To the Editor:
I was fascinated by your front-page story “Teachers Tiptoe Into Delicate Topics of 9/11 And Iraq” (Sept. 6, 2006), which describes the ways some social studies teachers approach lessons on 21st-century events.
I began teaching in the mid-1960s, both social studies and math. The typical U.S. history course was allotted one school year; we were expected to cover the Age of Exploration and the Colonial period through the Civil War in the first semester, and then everything that followed, up to the present, in the second. Most teachers were content to get through World War II and the founding of the United Nations in 1945.
My children took Advanced Placement U.S. history in the mid-1980s. I was teaching math at their school and knew their history teacher. He strove to cover the civil rights movement of the 1960s and a hint of the Vietnam War, but that required cutting other topics to accommodate the two-semester course’s time limitations.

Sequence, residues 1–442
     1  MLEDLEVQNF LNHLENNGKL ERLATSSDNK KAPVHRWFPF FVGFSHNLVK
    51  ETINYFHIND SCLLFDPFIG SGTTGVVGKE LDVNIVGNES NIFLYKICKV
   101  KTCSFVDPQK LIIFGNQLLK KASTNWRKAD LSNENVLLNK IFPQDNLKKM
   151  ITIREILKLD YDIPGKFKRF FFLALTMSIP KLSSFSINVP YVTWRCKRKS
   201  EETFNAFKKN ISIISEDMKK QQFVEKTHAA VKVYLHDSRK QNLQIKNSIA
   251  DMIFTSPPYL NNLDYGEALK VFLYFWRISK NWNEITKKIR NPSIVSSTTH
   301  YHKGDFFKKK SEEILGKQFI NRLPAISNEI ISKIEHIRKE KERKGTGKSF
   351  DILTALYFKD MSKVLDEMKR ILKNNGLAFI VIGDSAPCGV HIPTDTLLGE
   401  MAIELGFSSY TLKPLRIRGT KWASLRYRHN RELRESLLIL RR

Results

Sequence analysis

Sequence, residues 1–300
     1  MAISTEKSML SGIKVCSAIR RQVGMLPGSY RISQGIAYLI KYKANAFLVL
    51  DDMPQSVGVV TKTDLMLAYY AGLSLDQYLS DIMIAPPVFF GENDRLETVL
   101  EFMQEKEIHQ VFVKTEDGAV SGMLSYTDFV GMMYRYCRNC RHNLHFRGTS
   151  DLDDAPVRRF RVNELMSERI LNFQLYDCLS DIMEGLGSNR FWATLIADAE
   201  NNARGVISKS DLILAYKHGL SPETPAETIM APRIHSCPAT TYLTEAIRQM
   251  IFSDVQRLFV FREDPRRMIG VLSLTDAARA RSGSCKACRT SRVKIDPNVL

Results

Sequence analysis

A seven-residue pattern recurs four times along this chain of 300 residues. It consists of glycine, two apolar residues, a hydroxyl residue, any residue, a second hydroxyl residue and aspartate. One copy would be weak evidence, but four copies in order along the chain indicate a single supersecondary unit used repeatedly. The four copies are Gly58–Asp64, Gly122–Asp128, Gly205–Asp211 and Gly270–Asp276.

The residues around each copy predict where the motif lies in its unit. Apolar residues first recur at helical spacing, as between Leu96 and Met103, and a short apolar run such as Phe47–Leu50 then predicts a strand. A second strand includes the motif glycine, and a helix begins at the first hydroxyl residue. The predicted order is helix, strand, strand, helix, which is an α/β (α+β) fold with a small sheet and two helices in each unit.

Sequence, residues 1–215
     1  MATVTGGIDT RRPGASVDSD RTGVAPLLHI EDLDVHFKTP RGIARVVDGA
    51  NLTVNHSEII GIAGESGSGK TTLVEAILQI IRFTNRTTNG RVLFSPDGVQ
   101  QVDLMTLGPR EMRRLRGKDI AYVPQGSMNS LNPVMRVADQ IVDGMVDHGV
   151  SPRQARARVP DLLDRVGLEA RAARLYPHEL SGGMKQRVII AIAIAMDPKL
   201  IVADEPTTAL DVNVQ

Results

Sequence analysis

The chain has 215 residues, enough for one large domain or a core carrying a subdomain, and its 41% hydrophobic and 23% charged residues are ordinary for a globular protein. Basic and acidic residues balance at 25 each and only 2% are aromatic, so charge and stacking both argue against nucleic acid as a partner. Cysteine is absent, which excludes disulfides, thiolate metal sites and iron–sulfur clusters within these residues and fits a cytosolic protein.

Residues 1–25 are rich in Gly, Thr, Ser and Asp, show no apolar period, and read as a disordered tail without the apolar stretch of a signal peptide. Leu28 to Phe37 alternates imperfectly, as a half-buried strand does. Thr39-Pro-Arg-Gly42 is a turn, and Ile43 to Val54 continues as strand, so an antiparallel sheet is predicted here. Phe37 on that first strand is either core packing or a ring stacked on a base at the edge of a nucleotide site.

Since the 1960s, we have had 40 years of crucial historical events to teach our schoolchildren. Yet we continue squeezing the entire course into the same two semesters we did half a century ago. There is no way to do that properly; something must be sacrificed.
Thus, my amazement over social studies teachers’ covering the Sept. 11, 2001, attacks and the war in Iraq at the start of the school year. Some courses were electives, like the World Crises class you featured. Others have a “current events” component to allow for timely topics. But my real concern is for students nationwide who take the standard, one-year U.S. history course in high school. How can we do justice to our ever-lengthening history within time constraints that barely sufficed half a century ago? Isn’t it time to add a third semester?
Betty Raskoff Kazmin